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Padlocks: 3 Facts About Them
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The padlock is a form of portable lock that keeps the opening of a chain link, ring or hasp staple attached and can be freely hanged from its U-shaped lock. It's used to deter robbery or vandalism. The padlocks are lightweight, functional and simple to use. This ease, feature of the padlocks, means that they are still commonly used today.

Nowadays, padlocks come in various sizes, using various models and technologies. The use of various types and materials in the manufacturing of padlocks enables them to be easily modified for various functions.

History of padlocks

The deep and intriguing background of padlocks can be traced back to Greek, Roman, and Egyptian ethnicities. Padlocks were developed when protection was required. In the 17th century, Padlocks showcased ward springs and swing shackle joints. The reinforcement rings were fused on, and the spinning designs were cut into the body.

Nothing changed over the years in Roman and Egyptian padlock and chain designs. The 18th century, however, brought about improvements to the traditional padlock mechanisms, which have proceeded to develop into what we have on the marketplace currently.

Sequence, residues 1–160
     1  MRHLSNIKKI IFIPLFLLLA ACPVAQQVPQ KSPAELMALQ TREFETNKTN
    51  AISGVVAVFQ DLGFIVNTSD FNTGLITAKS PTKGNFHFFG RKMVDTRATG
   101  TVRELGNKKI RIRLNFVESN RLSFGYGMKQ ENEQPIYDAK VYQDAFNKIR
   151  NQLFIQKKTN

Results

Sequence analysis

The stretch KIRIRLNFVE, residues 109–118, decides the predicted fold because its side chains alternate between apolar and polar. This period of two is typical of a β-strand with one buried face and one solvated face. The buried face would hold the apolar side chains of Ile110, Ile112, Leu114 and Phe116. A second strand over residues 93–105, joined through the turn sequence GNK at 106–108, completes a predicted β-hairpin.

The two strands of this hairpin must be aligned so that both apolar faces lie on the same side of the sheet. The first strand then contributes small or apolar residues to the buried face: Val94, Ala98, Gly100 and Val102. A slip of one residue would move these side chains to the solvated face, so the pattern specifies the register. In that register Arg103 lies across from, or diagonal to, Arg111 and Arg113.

How do padlocks work?

Virtually anything could be secured with a padlock. In the early days, the average user was one of the few mechanical machines suitable for everyday use. To the layman, working a traditional padlock is nothing other than a simple turn of the key (note: a flat grooved key designed specifically for the padlock) and a snap to the lock. Although this is the basic motion needed to operate a simple padlock, the workings through which the mechanism is regulated are much more complicated.

The padlock consists of 3 key components: the structure of the lock, the shackle and the locking method.  The lock mechanism is at the core of the padlock and is very similar to that made by American lock pion Linus Yale, Jr., focused on a device developed in Egypt.

Analyzing the inside of the padlock exposes 2 pairs of metal pins, top and bottom, which run down into the cylinder and lock it in position. The pins come together just to lock the cylinder in place before the correct key is used to open the padlock. The right key moves all of the top pins out of the way, enabling the padlock to unlock.

Design of the padlock

The beauty of a padlock is its unique combination of versatility and simplicity. Typically, each padlock is selected to fit a single key. This has a benefit over more complex protection approaches involving buttons and complex keys. Some padlocks are so reactive that they could get jammed when the wrong key is used. The key could be cracked in the lock when too much pressure is exerted in an effort to extract it. 

The range of padlock models means that they can be used for several different purposes. Padlocks can be used to secure storage cabinets, gym lockers, vending machines, bicycles and bikes, windows, tools, gates and wind turbines.